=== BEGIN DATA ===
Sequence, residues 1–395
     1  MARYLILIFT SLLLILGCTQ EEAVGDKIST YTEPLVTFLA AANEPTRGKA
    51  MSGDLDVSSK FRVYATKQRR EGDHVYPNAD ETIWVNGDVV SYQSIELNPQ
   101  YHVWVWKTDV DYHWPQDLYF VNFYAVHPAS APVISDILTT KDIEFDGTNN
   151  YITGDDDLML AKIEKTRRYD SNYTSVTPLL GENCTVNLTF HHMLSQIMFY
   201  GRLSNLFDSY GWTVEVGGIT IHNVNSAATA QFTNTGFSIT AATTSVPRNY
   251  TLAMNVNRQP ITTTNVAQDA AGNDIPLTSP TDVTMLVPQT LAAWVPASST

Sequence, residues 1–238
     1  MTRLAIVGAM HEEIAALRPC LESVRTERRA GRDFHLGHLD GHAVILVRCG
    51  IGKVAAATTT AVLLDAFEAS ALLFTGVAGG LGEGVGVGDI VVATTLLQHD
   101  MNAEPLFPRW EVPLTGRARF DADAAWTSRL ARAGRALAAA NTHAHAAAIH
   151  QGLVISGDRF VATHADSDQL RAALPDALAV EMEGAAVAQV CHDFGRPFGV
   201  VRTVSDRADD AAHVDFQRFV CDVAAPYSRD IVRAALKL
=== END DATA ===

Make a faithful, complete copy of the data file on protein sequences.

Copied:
Sequence, residues 1–395
     1  MARYLILIFT SLLLILGCTQ EEAVGDKIST YTEPLVTFLA AANEPTRGKA
    51  MSGDLDVSSK FRVYATKQRR EGDHVYPNAD ETIWVNGDVV SYQSIELNPQ
   101  YHVWVWKTDV DYHWPQDLYF VNFYAVHPAS APVISDILTT KDIEFDGTNN
   151  YITGDDDLML AKIEKTRRYD SNYTSVTPLL GENCTVNLTF HHMLSQIMFY
   201  GRLSNLFDSY GWTVEVGGIT IHNVNSAATA QFTNTGFSIT AATTSVPRNY
   251  TLAMNVNRQP ITTTNVAQDA AGNDIPLTSP TDVTMLVPQT LAAWVPASST

Sequence, residues 1–238
     1  MTRLAIVGAM HEEIAALRPC LESVRTERRA GRDFHLGHLD GHAVILVRCG
    51  IGKVAAATTT AVLLDAFEAS ALLFTGVAGG LGEGVGVGDI VVATTLLQHD
   101  MNAEPLFPRW EVPLTGRARF DADAAWTSRL ARAGRALAAA NTHAHAAAIH
   151  QGLVISGDRF VATHADSDQL RAALPDALAV EMEGAAVAQV CHDFGRPFGV
   201  VRTVSDRADD AAHVDFQRFV CDVAAPYSRD IVRAALKL